PA: That was another thing that was in there—the absolute struggle between order and chaos. It was one of my first things that I hooked onto Catherine. When she goes to Pyongyang, it’s bliss for her. That was how I had North Korea explained to me: people had come in and shat on it, and it has been a really unlucky place. When someone came in and said, “I will be your father,” that’s an attractive thing. I think that’s the same with her, that order is so helpful to her. I think the manmade is comfortable for her, but nature is not comfortable. The Pompidou Centre is, “how can you get lost in there?” I’m not sure where she goes for that amount of time. That’s something I’m constantly trying to work out in my head, and that goes to higher ideas of religion and karma: how much is there control in the world, and how much is there complete chaos. I like those ideas butting against each other.

BG: Your short stories have those characters—this sense of disorder in what should be a structured life.

PA: I’m a great lover of mess, and I really, really like mess. Janice Galloway was here and she said, “life doesn’t make sense, but fiction has to.” What I’m really interested in is how can you write fiction that doesn’t make sense in the same way that life doesn’t make sense, yet make it compelling. How do you write nothing happening? I saw this documentary on Marina Abramovi? and she said the hardest thing to do is nothing. I do like that in a short story. I remember Fergus [Barrowman of Adam’s publisher VUP] saying to me when he first read them, that one of the problems with the stories was “there’s no redemption in them.” But that’s the thing—life doesn’t redeem, we don’t redeem ourselves. But then I think maybe stories are meant to be fun.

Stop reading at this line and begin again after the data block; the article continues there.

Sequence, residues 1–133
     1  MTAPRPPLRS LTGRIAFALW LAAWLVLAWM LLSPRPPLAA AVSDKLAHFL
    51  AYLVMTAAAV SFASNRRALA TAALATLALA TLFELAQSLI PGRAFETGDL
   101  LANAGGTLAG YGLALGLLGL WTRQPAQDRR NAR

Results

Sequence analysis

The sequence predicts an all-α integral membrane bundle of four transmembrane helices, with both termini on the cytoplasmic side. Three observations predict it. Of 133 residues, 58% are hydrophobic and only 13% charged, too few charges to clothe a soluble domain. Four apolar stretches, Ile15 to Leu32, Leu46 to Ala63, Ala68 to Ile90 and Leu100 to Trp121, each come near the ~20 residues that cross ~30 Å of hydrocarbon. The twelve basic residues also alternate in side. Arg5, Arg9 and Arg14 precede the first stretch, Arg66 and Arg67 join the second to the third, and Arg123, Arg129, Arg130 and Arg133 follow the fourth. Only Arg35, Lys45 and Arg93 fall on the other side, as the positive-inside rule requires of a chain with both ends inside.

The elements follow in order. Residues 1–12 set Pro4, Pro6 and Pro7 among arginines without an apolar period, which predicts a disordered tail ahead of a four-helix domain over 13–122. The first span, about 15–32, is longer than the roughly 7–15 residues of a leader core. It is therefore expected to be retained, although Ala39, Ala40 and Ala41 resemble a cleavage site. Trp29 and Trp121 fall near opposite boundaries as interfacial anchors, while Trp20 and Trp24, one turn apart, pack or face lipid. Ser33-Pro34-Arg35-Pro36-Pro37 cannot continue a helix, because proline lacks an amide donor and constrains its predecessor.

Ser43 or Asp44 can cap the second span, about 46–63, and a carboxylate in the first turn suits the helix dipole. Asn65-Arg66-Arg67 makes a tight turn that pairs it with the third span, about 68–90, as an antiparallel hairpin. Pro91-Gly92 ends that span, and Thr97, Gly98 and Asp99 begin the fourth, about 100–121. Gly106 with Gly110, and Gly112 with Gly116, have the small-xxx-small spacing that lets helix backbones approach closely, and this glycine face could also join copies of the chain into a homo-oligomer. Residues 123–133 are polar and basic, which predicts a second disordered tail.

BG: It works for me, maybe we’ve got similar worldviews. I guess the final question is what’s next? Do you have an idea of what you’ll work on next?

PA: I’m feeling quite excited because I like that idea of going back to a space where no-one’s watching. There are a whole bunch of things happening that are interesting me and I just like this idea that at the moment I’m not even sure of the object I’m creating, which probably sounds wanky. I like this idea that I have no idea what it’s going to look like, but there are these themes that are interesting me. I’m reading a lot about whales and killer whales, and the sliminess of water, and I’m reading the Bhagavad-Gita and Hare Krishna consciousness. This is my favourite part of a new process. I do feel like I want to write something else. I do hear about people who say, “no I’m not going to write again,” but there’s the fact I’m talking to other people, and collaboration is another option. I feel free now that this book is out of the way. I’ve never felt like this before. It’s always been, it’s got to be a book, it’s got to do this. It feels really good.

I’m working on a building’ (VUP, NZ$30) is out now. Brannavan Gnanalingam’s recently released second novel, ‘You Should Have Come Here When You Were Not Here’ (Lawrence & Gibson, NZ$23), is also available.